Those subtle messages for many of us SAHM affect the way that we see ourselves. We may not feel that we are good enough because at this time in our life, we are not meeting certain professional benchmarks as set by our culture. We feed into the lie. However, I want to tell you my fellow SAHMs, you are smart, you are intelligent, and although you have chosen to take a different path, you are valuable, obviously to your family, but also to your church, and to your communities.
We Are More Than a Label
The honest truth is that the SAHM that are in my circle, are some of the brightest women I know. Many of them have bachelors degrees and masters degrees and even those that don’t have degrees, use their minds in amazing aways. I think about my mother, who even though she is past the SAHM stage, she is a living example that you do not need a degree to be smart, savvy, or brilliant. She runs community wide operations that in any other field would be earning her six-figures. Yet, she only finished high school.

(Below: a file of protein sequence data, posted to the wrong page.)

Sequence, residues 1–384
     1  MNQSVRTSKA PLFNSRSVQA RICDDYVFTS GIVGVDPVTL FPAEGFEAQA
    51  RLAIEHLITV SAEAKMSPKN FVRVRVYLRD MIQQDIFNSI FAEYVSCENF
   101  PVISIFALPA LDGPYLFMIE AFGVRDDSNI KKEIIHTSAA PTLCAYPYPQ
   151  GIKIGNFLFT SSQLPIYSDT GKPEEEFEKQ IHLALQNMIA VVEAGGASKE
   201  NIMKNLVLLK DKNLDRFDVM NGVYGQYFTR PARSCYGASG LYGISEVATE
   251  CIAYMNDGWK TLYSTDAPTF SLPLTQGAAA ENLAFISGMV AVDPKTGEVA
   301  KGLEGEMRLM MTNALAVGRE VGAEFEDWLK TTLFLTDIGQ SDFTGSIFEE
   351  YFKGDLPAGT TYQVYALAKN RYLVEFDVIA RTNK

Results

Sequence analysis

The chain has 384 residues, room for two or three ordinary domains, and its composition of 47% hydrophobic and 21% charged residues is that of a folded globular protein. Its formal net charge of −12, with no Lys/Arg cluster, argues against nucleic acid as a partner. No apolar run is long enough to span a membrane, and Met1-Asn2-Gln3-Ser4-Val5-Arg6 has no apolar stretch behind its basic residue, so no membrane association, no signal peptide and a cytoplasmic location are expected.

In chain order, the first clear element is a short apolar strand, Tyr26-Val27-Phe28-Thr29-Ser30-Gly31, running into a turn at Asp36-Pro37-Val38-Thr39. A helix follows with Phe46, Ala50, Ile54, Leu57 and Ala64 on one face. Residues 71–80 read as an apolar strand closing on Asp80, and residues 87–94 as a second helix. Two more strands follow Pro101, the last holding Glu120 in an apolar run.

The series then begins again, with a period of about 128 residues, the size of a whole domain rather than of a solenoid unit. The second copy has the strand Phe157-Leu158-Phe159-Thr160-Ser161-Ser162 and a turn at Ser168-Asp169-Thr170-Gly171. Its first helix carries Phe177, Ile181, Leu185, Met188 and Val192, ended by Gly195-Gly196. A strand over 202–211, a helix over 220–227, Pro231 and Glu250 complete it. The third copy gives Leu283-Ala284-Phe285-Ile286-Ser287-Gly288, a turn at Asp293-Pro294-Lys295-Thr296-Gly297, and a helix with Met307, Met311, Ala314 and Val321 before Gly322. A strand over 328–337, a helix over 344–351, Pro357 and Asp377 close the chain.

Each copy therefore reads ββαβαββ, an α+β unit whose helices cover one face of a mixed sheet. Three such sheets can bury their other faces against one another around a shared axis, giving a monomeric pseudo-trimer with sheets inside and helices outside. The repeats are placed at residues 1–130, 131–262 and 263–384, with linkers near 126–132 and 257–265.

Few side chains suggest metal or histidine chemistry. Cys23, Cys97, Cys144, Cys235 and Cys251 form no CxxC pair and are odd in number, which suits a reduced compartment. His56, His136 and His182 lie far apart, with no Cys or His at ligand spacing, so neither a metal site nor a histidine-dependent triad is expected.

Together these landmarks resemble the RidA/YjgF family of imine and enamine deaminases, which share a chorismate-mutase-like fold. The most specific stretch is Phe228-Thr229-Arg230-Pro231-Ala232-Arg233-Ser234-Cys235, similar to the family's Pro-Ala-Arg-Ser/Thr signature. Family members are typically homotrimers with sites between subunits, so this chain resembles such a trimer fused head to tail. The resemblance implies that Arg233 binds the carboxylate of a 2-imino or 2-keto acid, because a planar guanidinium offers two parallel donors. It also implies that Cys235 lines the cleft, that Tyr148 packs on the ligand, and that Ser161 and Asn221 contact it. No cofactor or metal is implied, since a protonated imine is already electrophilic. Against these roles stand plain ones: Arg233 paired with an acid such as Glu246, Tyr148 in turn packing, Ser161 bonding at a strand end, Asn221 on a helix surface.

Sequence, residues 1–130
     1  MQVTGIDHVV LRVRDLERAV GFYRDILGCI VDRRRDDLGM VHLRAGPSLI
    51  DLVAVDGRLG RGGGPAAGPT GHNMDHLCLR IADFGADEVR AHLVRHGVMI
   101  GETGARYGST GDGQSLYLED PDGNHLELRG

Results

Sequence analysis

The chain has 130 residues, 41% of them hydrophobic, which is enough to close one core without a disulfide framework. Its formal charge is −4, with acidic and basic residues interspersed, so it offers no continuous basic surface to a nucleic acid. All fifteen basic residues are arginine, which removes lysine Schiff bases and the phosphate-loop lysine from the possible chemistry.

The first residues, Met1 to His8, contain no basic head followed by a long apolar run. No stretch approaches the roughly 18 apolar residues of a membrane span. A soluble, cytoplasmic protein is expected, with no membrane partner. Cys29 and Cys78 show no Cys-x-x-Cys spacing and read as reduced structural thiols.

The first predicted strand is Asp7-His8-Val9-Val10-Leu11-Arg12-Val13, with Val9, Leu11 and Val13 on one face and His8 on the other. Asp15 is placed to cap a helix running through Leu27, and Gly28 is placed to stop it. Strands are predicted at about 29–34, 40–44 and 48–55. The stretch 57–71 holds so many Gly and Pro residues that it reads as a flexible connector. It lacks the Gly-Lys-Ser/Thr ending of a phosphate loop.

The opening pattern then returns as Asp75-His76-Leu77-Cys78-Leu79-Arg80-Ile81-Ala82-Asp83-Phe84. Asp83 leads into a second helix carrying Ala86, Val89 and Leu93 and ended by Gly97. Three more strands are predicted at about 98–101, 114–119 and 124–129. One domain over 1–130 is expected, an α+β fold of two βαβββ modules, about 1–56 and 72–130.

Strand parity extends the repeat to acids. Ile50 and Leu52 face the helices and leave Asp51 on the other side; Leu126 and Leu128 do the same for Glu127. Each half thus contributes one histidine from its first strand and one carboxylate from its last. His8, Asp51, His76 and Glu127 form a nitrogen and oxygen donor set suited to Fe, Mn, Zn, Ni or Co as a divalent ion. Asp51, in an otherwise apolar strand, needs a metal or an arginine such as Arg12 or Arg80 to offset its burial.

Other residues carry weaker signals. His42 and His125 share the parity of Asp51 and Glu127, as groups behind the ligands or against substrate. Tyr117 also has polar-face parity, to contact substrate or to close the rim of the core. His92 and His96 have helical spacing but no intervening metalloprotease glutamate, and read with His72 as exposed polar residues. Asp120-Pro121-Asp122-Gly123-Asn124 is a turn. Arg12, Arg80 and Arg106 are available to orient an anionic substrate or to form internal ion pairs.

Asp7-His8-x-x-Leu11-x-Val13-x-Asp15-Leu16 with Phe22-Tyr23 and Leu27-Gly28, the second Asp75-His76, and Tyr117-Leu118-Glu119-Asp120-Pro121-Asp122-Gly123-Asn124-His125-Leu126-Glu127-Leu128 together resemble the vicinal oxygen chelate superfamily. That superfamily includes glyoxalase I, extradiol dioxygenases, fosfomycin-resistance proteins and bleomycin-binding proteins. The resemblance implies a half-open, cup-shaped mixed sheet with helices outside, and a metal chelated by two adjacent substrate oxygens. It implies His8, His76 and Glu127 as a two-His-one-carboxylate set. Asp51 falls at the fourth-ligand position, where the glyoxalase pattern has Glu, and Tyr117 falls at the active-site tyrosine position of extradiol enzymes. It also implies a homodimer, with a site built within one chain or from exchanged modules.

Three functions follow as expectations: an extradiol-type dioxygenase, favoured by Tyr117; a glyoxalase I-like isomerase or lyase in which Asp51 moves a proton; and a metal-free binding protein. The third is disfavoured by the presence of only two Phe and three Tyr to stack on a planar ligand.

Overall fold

In the same way, many of the SAHM I know, are event planners, teachers, logisticians, financial wizards running mothers clubs, church events and ministries, musicians, artists, and many even own small businesses. I know women who have become experts in a particular field to better address a need in their family (a child with special needs, nutrition, health issues) and the only difference between them and a professional, is the degree. These women are absolutely brilliant. They are doing a million things, splitting themselves and their talents a hundred different ways, all while changing diapers, wiping boogers, making dinner, and using their very capable minds to teach and tutor their children.